Look after the jump to see NWS starting to agree that a colder period should arrive around Thanksgiving.
As my office building creaks and groans in the midst of this wasted ‘Noreaster I decided to take a minute to look ahead to Thanksgiving weekend.
For many ski areas “black Friday” has become the targeted opening day. Why? Well several reasons. It’s late enough to allow for consistent nighttime snowmaking leading up the day, people are off work and able to ski, and it’s a month before the make or break holiday season. Gotta get people in the mood for skiing if you want them to shell out the green over Xmas. As most of us don’t hike a few thousand vertical feet in October to trash up some skis on three inches of slush like these FIS yahoos do, the Black Friday also marks the opening day of our season. With that in mind I bet many of you are thinking “Will there be any snow?” My answer: I have no idea.
Don’t take this as a “glib” (Thanks TomKat) response. Any weatherman worth his “salt” (Thanks pre-gold standard trade and barter system) should admit that two weeks away from a particular day, he or she s no real clue what the weather will be on that day. Sure we can guess based on the average for that day, the trends, the teleconnection patterns and the way the butterflies are migrating in Brazil, but the truth is, two weeks is an ETERNITY in weather and anything can happen. Now that we’re clear on that, here are my thoughts.
Currently, we’re in a really shitty (real weather term right there) pattern for winter weather.
We have a positive NAO (bad #1)
A positive AO (bad #2)
A bad PNA (bad #3)
Add all these three connections up, throw in a strengthening El Nino and the recent stretch of warm weather (big fan of persistence here) and you have two weekends (last and upcoming) where highs will be well above normal for this time of year and chances for snowfall are nil
There is good news however. If you look at ALL the above data you see each index is forecasted to move from BAD to GOOD within the next 10 days or so. Personally this makes sense. Patterns last 4-8 weeks. Since we had that nice stretch back in late September we’ve been in this warmer pattern. Timing-wise I’ve basically plotted turkey day as a pattern shift day and these models agree that sometime soon we’ll see a shift to a colder pattern. How profound this change is and how long cold air lasts however is uncertain. Just because we see a shift to a more favorable NAO/AO/PNA doesn’t mean we’ll have last year’s opening day:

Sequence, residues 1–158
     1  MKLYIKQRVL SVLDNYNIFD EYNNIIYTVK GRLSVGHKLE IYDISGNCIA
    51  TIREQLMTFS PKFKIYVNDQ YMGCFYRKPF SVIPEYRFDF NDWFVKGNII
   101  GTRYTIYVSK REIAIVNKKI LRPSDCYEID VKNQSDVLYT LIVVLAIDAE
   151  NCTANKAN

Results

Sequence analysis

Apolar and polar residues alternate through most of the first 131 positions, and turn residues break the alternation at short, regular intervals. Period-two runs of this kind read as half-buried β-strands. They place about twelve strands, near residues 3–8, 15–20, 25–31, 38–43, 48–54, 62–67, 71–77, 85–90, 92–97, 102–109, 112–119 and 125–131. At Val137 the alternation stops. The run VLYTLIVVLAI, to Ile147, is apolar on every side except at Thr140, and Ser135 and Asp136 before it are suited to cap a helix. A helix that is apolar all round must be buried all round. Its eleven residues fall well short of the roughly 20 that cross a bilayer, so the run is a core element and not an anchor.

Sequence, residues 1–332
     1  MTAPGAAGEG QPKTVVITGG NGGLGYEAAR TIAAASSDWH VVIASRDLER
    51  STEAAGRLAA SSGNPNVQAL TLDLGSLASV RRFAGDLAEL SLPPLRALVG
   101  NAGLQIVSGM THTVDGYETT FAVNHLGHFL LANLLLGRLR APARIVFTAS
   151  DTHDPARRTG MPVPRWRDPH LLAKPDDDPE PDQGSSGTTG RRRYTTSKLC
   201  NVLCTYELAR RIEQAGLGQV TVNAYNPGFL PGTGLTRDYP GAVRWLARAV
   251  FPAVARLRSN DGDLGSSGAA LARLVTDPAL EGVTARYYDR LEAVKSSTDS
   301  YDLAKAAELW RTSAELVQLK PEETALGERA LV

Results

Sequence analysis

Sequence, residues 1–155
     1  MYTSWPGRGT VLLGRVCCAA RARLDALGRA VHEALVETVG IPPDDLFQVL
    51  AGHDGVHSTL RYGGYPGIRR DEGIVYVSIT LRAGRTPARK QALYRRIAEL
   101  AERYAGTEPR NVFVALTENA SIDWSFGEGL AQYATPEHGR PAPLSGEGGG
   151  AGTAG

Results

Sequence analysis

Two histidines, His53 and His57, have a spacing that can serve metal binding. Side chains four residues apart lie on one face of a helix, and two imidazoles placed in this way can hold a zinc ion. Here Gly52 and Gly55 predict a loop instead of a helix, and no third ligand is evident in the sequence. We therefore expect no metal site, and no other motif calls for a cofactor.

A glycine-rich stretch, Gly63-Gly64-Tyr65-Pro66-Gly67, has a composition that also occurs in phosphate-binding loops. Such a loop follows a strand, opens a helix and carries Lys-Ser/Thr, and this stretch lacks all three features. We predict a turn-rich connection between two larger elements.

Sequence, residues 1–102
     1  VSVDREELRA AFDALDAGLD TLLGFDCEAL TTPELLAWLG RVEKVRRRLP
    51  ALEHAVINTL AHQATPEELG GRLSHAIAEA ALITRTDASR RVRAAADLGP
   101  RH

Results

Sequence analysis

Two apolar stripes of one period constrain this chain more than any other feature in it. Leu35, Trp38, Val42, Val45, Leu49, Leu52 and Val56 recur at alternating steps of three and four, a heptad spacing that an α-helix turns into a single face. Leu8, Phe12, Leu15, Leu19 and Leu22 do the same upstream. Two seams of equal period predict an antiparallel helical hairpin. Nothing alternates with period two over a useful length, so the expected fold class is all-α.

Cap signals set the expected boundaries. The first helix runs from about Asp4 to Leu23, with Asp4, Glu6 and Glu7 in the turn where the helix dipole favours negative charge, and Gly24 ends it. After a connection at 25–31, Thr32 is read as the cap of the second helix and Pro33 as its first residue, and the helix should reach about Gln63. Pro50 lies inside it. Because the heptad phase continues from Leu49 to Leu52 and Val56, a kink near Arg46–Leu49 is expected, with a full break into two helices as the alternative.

NWS starting to agree with the FIS weather team:
8-14 DAY OUTLOOK FOR NOV 24 – 30 2009
TODAYS GFS ENSEMBLE MEANS ARE IN VERY GOOD AGREEMENT ON MEAN 500 HPA
CIRCULATION PATTERN FOR THE WEEK 2 PERIOD PREDICTING THE TROUGH OVER THE CONUS
TO SHIFT EASTWARD. THE CANADIAN ENSEMBLES DEPICT A LESS AMPLIFIED TROUGH OVER
THE CENTRAL US. THE GFS OPERATIONAL SOLUTIONS ARE IN GOOD AGREEMENT ON THE
EASTWARD SHIFT OF THE TROUGH OVER CONUS. THE GFS ENSEMBLE MEANS AND THE THREE
MOST RECENT GFS OPERATIONAL SOLUTIONS FORECAST NEAR TO BELOW NORMAL HEIGHTS
ACROSS THE SOUTHERN THIRD OF CONUS AND FROM THE PLAINS EASTWARD AND POSITIVE
HEIGHT ANOMALIES OVER THE NORTHWEST US. THE CANADIAN ENSEMBLES DEPICT NEAR
AVERAGE HEIGHTS ACROSS THE SOUTHERN CONUS.
THE CURRENT MJO ACTIVITY ADDS CONSIDERABLE UNCERTAINTY TO THE WEEK-2
FORECAST. DURING THIS PERIOD, ENHANCED TROPICAL RAINFALL IS EXPECTED TO
ESTABLISH ITSELF ACROSS THE WESTERN PACIFIC OCEAN. IF SO, THE
CIRCULATION REGIME ACROSS THE PACIFIC-NORTH AMERICAN SECTOR MAY BE
IMPACTED. AT THE CURRENT TIME, IT APPEARS THAT THE CANADIAN HAS A MORE
CONSISTENT CIRCULATION FOR THE FORECAST MJO PHASE AND MAY BE WEIGHTED
MORE IN COMING DAYS.
TODAYS BLEND CHART IS SIMILAR TO THE 6-10 DAY PERIOD BUT THE TROUGH OVER THE CONUS IS SHIFTED SLIGHTLY EASTWARD. OTHER DIFFERENCES INCLUDE POSITIVE HEIGHT ANOMALIES OVER EASTERN ALASKA AND NEGATIVE HEIGHT ANOMALIES OVER THE SOUTHEAST
US AND THE MID-ATLANTIC REGION.
GREATER CHANCES FOR BELOW AVERAGE TEMPERATURES ARE FORECAST FOR MOST OF THE
CENTRAL AND EASTERN US BENEATH OF THE TROUGH, WHILE GREATER CHANCES FOR ABOVE
AVERAGE TEMPERATURE ARE FORECAST FOR ALASKA AND THE WESTERN US UNDERNEATH THE
FORECAST RIDGE. ENHANCED PROBABILITIES FOR BELOW MEDIAN PRECIPITATION ARE
FORECAST BENEATH FORECAST POSITIVE HEIGHT ANOMALIES OVER ALASKA AND PARTS OF
THE WESTERN US, ALTHOUGH NEAR MEDIAN PRECIPITATION IS FORECAST IN THE PACIFIC
NORTHWEST AND NEAR THE US WEST COAST DUE TO POSSIBLE MJO INFLUENCES. ENHANCED
PROBABILITIES FOR ABOVE MEDIAN PRECIPITATION ARE FORECAST FOR THE SOUTHEAST US
AND MOST OF THE EAST COAST DOWNSTREAM OF THE TROUGH AXIS.
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